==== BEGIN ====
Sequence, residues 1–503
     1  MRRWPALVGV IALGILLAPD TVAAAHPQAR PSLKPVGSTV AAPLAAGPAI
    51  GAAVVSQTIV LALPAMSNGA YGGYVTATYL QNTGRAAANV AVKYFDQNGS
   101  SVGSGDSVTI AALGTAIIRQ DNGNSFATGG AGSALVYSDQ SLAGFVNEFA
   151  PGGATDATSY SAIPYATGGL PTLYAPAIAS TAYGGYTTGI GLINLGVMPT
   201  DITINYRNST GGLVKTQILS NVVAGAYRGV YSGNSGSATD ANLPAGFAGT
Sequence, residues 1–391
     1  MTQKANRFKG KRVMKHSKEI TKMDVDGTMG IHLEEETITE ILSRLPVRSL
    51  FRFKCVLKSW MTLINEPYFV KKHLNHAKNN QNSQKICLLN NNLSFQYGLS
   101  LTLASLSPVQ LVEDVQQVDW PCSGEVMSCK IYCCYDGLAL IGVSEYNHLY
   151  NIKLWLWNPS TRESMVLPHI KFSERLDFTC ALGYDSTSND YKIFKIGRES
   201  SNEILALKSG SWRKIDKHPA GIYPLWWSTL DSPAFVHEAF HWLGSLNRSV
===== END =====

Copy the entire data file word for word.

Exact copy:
Sequence, residues 1–503
     1  MRRWPALVGV IALGILLAPD TVAAAHPQAR PSLKPVGSTV AAPLAAGPAI
    51  GAAVVSQTIV LALPAMSNGA YGGYVTATYL QNTGRAAANV AVKYFDQNGS
   101  SVGSGDSVTI AALGTAIIRQ DNGNSFATGG AGSALVYSDQ SLAGFVNEFA
   151  PGGATDATSY SAIPYATGGL PTLYAPAIAS TAYGGYTTGI GLINLGVMPT
   201  DITINYRNST GGLVKTQILS NVVAGAYRGV YSGNSGSATD ANLPAGFAGT
Sequence, residues 1–391
     1  MTQKANRFKG KRVMKHSKEI TKMDVDGTMG IHLEEETITE ILSRLPVRSL
    51  FRFKCVLKSW MTLINEPYFV KKHLNHAKNN QNSQKICLLN NNLSFQYGLS
   101  LTLASLSPVQ LVEDVQQVDW PCSGEVMSCK IYCCYDGLAL IGVSEYNHLY
   151  NIKLWLWNPS TRESMVLPHI KFSERLDFTC ALGYDSTSND YKIFKIGRES
   201  SNEILALKSG SWRKIDKHPA GIYPLWWSTL DSPAFVHEAF HWLGSLNRSV